I can't say I loved the start. It isn't linear. Shucks, it isn't really what you can call a start. The reader is dropped into the imaginary land of Hokey Pokey. I thought at first I was in the mind of a seven or eight-year-old mainly because of the squishy Wanda monster and going into the mind of the Destroyer or bully who is playing in a dump truck at a park. Later, as the story takes shape and more dialogue appears, I realize that Jack is older. More around ten-years-old. I think the author purposefully keeps the age vague so the reader will give it his or her own age; thus, reflecting the transition from imaginary play-worlds to a grown-ups world.

The subplot involving the birth of a playground bully, called the Destroyer, is interesting. He wants to dominate and instill fear in others because of his anger over older kids bullying him. When Jack exposes the bully for who he is, he teaches others kids how to to deal with him. The point of view is in the mind of the bully in the beginning, but after Jack talks to the other kids we don't go back into the bully's mind. I really liked the exploration into the Destroyer's psyche and would have liked popping back into his mind after the "Jackaroo" incident.

The ending evokes the sadness I feel when looking back on my childhood and thinking of how much fun I had playing and imagining pretend-worlds with my best friend. Our adventures started every morning walking to school, where the snow bank was a cliff and the street a raging river that instantly killed if you fell into it. The hill in the backyard was mount Everest and the trees were our horses. This story will surely elicit similar stories in older readers. This nostalgia is similar to how I felt after reading The Polar Express, by Chris Van Allsburg, a book that recreates the joy of believing in the imaginary world of talking reindeer and elves and a jolly man in a red suit. Spinelli's use of Wild West imagery where the sun sets on childhood is poignant, but I wonder if it and all the symbolism will be lost on younger readers.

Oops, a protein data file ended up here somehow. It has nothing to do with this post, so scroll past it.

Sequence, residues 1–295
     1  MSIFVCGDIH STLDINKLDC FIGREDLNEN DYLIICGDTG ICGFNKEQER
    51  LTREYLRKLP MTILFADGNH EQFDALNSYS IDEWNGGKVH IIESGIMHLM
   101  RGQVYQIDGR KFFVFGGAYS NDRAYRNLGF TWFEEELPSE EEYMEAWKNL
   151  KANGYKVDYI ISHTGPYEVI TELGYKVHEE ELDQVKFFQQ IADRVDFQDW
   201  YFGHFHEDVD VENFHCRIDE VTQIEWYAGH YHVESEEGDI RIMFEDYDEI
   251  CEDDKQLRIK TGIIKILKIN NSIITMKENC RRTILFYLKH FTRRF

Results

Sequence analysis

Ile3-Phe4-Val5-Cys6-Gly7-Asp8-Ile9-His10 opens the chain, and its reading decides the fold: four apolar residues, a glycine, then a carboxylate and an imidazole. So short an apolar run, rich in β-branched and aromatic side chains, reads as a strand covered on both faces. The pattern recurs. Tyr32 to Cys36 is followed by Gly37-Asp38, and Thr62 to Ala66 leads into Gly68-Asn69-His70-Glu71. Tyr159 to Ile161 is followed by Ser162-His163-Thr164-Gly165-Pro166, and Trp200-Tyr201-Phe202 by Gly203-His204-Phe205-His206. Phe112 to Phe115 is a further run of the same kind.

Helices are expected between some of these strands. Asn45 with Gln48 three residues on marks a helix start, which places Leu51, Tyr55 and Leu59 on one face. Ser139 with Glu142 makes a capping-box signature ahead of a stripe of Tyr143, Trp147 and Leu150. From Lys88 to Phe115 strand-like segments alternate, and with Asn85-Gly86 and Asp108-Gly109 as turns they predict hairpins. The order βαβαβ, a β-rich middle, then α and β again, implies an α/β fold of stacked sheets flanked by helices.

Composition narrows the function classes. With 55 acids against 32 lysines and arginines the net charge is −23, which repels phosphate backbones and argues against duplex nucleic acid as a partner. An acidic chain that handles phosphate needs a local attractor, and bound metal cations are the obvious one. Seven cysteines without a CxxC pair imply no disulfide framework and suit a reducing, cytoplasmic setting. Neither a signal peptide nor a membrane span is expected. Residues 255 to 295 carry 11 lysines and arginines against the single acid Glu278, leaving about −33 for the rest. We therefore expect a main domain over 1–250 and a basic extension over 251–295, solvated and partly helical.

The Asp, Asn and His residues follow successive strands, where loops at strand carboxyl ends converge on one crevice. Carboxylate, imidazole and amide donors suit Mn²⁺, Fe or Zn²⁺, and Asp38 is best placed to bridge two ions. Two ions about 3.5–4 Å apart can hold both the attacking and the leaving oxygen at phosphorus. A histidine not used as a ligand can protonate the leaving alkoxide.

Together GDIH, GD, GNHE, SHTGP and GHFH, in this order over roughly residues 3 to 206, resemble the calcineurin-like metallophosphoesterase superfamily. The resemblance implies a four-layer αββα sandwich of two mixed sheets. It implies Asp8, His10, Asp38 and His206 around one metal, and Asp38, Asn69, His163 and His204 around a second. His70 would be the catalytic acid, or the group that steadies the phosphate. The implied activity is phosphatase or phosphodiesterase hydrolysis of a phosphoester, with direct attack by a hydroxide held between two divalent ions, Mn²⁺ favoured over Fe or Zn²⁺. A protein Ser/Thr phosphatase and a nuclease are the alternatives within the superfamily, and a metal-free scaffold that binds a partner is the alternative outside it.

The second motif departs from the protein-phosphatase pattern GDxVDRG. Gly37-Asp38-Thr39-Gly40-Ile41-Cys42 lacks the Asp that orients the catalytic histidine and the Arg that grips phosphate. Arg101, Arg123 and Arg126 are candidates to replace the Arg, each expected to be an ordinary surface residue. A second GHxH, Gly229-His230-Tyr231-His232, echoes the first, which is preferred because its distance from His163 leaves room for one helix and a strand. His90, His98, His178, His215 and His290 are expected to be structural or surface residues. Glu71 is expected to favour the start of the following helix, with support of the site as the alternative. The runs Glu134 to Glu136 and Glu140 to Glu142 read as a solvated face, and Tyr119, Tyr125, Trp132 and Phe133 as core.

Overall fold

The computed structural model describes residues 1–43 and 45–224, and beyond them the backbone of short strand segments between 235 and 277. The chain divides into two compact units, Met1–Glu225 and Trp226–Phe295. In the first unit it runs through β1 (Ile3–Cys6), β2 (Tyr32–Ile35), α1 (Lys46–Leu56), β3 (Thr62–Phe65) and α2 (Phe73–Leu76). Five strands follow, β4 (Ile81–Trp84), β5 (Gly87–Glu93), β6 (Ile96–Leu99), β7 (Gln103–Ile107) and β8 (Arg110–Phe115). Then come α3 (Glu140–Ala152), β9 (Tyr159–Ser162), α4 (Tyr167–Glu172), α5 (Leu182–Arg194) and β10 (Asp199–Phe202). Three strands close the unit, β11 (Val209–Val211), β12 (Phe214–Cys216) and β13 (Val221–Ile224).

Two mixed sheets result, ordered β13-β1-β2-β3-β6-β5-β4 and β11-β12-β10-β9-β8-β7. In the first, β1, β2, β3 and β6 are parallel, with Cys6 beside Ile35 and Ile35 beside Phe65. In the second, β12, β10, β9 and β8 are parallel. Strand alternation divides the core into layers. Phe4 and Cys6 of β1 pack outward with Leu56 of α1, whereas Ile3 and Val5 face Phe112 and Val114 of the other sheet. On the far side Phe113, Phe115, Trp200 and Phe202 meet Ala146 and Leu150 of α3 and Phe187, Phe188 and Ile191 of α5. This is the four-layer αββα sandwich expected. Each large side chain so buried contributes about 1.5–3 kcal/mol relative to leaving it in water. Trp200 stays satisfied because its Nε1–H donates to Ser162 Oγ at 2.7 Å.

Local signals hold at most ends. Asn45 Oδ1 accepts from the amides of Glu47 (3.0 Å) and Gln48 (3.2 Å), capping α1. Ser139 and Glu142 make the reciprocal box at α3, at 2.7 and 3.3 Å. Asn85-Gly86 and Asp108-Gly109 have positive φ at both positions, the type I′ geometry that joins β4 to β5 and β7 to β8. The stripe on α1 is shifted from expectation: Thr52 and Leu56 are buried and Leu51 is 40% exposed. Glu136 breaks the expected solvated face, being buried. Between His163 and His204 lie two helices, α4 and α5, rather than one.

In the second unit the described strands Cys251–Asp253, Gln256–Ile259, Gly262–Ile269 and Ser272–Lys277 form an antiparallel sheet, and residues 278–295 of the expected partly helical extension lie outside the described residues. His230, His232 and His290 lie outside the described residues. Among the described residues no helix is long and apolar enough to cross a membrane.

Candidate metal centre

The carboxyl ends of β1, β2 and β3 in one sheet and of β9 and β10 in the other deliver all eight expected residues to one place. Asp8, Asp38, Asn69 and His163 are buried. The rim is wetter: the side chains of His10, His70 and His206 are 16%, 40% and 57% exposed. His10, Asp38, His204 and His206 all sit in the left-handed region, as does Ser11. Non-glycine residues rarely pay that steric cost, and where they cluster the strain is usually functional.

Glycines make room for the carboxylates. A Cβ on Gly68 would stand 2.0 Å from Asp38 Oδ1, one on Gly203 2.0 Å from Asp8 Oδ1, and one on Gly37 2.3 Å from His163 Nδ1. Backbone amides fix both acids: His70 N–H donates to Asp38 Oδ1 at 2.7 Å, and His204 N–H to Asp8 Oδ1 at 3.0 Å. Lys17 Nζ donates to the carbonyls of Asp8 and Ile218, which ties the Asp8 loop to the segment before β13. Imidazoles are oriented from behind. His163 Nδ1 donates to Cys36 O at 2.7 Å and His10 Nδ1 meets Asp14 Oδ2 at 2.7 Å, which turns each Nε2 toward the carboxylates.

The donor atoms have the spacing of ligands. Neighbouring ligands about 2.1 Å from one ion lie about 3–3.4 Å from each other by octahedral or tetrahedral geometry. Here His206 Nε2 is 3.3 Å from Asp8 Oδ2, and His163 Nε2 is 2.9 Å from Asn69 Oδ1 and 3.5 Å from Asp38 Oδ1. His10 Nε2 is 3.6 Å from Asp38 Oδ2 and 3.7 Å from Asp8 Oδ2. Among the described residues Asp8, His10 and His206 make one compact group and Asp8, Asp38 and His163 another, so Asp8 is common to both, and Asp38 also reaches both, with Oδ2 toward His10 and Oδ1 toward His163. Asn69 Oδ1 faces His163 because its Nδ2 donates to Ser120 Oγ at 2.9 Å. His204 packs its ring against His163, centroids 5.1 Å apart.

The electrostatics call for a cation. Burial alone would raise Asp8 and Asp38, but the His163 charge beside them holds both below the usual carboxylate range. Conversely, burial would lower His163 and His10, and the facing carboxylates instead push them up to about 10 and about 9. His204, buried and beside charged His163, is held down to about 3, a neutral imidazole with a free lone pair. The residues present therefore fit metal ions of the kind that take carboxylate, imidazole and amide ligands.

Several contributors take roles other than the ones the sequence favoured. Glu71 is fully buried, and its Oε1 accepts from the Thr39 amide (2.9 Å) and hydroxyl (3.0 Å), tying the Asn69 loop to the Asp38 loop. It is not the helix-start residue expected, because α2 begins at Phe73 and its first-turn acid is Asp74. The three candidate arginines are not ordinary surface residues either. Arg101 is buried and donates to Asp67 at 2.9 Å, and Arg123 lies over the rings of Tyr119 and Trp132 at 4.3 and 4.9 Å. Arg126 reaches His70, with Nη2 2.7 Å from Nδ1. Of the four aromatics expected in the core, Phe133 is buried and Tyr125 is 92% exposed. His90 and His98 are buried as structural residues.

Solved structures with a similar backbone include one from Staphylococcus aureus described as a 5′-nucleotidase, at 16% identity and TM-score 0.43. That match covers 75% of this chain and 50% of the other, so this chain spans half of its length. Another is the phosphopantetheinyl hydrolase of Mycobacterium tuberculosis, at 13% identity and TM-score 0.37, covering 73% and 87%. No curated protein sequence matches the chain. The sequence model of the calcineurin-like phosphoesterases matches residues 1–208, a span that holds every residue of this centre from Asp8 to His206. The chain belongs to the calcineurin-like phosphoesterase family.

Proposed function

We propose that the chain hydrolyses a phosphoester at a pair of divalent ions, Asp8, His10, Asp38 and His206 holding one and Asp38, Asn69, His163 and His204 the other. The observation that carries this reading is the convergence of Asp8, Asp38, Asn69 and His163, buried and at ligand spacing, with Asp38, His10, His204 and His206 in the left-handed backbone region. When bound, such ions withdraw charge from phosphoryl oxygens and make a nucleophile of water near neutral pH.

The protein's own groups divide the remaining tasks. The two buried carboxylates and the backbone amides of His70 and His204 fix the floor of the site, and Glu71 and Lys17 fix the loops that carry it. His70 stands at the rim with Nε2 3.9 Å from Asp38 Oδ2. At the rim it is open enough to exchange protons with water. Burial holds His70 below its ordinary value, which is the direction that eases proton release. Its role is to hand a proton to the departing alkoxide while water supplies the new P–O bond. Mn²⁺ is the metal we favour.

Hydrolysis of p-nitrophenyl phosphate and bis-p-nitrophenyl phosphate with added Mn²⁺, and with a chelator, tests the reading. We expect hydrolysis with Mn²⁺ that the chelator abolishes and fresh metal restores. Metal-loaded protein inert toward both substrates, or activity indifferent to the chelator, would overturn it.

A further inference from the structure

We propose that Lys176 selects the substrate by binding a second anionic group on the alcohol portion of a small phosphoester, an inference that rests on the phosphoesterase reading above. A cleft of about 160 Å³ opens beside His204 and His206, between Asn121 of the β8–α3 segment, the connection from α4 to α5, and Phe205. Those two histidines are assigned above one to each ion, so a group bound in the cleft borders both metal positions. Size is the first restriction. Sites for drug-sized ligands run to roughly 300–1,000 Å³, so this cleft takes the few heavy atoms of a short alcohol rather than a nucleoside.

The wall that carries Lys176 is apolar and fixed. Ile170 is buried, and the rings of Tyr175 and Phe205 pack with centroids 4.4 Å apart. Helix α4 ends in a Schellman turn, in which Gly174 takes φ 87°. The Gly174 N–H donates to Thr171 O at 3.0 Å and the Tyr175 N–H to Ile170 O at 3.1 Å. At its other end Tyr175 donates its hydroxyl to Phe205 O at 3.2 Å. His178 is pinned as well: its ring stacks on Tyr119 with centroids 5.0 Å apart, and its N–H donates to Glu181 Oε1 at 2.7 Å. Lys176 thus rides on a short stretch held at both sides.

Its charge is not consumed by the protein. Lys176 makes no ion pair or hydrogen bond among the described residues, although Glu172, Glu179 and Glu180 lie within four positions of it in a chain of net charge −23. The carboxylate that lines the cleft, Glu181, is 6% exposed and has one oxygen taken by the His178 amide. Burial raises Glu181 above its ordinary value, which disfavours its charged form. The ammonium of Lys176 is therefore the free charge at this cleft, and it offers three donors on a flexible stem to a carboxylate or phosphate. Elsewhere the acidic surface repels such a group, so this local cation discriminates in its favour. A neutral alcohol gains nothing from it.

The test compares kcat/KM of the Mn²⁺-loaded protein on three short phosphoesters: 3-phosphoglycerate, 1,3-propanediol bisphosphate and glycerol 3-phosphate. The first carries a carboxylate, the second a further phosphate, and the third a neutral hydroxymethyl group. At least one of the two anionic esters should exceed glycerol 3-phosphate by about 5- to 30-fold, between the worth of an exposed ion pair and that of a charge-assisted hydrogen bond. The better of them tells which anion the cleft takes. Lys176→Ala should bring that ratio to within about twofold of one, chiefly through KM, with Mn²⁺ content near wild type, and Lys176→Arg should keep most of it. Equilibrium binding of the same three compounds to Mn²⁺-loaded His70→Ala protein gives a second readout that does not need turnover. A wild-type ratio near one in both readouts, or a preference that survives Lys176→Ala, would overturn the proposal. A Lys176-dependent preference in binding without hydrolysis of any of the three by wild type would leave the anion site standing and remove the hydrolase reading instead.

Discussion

The question for me is who will be drawn to this book or is it more a literary piece that is better for teachers and requires adults to help the reader connect the dots? Maybe the imaginary world will draw young readers in or will it confuse them like an abstract painting? Will middle schoolers like to look back and will they understand something that adults process and hold more dear as they age? I'm not sure. You'll have decide yourself because "That's what it's all about!"

Profile Image for Nicole.
293 reviews18 followers
April 7, 2013
Random House, 2013
285 pages
Recommended for grades 5+ (Teachers and Librarians: We pre-read so we can recommend the right books to the right readers, that is especially important with a book like this!)

Jack wakes up one day and finds that his beloved Scramjet is gone...stolen by a Girl! The Girl, Jubilee. In a one-day journey to recover Scramjet, Jack finds that his bike belonging to another is not the only change he is facing. In the land of Hokey Pokey you will find kids and only one adult, the Hokey Pokey man, delivering his daily treat of shaved ice with any flavor syrup you can think up.
Kids fill their day with things like tickling, pretend fighting, snuggling, climbing, exploring, playing, and of course, bike riding. Snorting, rearing, living, breathing bikes. The land of Hokey Pokey is a land of children's adventures.

I don't know how I feel about Jack. He must have been nicer when he was younger. Jack is one of the 3 Amigos, but he rarely gives any glimpse to readers as to why his friends Lajo and Dusty respect him so much. But Jack is approaching...teenage years, Lajo and Dusty aren't there yet. Maybe that gives Jack his edge.